It’s every cyclist’s dream to ride the Tour de France and mine was no different. After winning the Australian Time Trial champs in Ballarat at the start of the year, I said to the team that riding the Tour is something that I really wanted. I think they sort of took it with a grain of salt and if I’m honest with myself, I kinda felt that way too. But it wasn’t going to stop me from trying hard and proving that I was good enough to go.
My main goal of the season was the Dauphine Libere, as this is a major lead up race for the Tour. I didn’t want to ride the Giro because I knew it would have affected my results at Dauphine, but I had no choice really. So while I was racing at the Giro, I had one thing to prove. That I was a team player and I would be worth taking along to France. And that’s exactly what I did, but it wasn’t easy. I supported Mark as much as possible, in any situation. I always stayed behind him during the stages to make sure if he was to crash, I’d have to pass him and never miss him.
On the odd situation when he went down, which happens more than you see on TV, I did my best to get back to the bunch for him to contest the sprint. Luckily for me, with great lead outs I was providing good support for Mark, I was told at the Giro there’s a 99% chance that I’d be going to the Tour. But in cycling nothing is 100% till it’s done. So after the Giro I had to do a race. In Europe they still follow the old tradition. You can’t go to a major race without doing some racing before, because in the old days they believed training was never enough. This is something I don’t believe. I believe if you have the discipline, training can keep you at your best. But I had to follow directions because as a rider, I don’t make the choices. So going to Dauphine I wanted, in fact I had to show I was still in good form to ride the tour. I wanted to do the whole race, but was forced to pull out after four days because if I was going to ride the Tour then the directors thought it was far too much to do. Amstel Gold, Fleche Wallone, Liege- Bastogne-Leige, Tour of Romandie, Giro d’Italia and then the Dauphine. OK that’s a pretty wild program, but even so, I still was not convinced I was doing the Tour. While I rode well there for the team and things were looking better, there was still no answer if it was 100% or not. You know how when you hope something will be happening and you wish you just knew one way or the other? That’s how it was for me. It was a hard time after this big racing block because I needed a rest, but if I were to ride the Tour, well, it would give me something to really work for. I still had to train though and I only had one choice, train through and hope I go to France. Because if I don’t, I don’t get my rest and I’d be in trouble! After being constantly nervous, I was finally told its 100%. I’m going to the Tour.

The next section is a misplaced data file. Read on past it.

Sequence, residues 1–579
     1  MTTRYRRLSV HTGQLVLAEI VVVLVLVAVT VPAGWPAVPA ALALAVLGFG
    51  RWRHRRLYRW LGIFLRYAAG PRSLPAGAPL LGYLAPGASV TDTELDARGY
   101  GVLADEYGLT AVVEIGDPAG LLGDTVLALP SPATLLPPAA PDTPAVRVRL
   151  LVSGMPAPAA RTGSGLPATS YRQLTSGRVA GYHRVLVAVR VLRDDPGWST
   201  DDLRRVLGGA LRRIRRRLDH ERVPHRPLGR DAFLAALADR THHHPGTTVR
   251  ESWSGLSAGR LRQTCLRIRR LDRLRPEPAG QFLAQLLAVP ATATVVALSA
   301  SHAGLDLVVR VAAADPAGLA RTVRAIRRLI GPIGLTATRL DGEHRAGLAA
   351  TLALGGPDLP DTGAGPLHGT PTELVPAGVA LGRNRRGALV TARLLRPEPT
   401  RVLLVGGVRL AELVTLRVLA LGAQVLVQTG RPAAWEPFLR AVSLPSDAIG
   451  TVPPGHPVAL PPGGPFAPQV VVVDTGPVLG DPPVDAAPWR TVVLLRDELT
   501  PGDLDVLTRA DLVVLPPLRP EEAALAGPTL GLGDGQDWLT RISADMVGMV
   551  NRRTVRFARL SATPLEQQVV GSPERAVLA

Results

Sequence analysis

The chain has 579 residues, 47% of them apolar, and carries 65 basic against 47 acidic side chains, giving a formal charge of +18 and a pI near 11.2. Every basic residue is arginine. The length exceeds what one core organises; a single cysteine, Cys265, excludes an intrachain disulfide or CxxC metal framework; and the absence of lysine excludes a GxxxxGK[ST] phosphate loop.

God Damn! A dream come true and now I can’t wait to see what all the hype is about at this race in France. It didn’t take me long to find out. The Tour is different. It’s much bigger, much faster and so much harder than all the others. At some races you’ll have 200 guys or so. It’s not the best 200 in the world and not all the guys there have form. Maybe about 40% do and only 50% of the peloton are really motivated. But at the Tour it’s a whole different ball game. Here you have 180 guys with form and every single one of them are motivated with extra pressure from their bosses. So it’s just that much faster. I must admit, I felt like I was doing my first Pro race again. It was just like stepping up to another level. You ride faster in the corners, closer together and everyone is much more nervous! The noise from the fans lining the road is deafening. But as Mark Cavendish keeps saying “Yeah Baby! It’s the Tour de France!”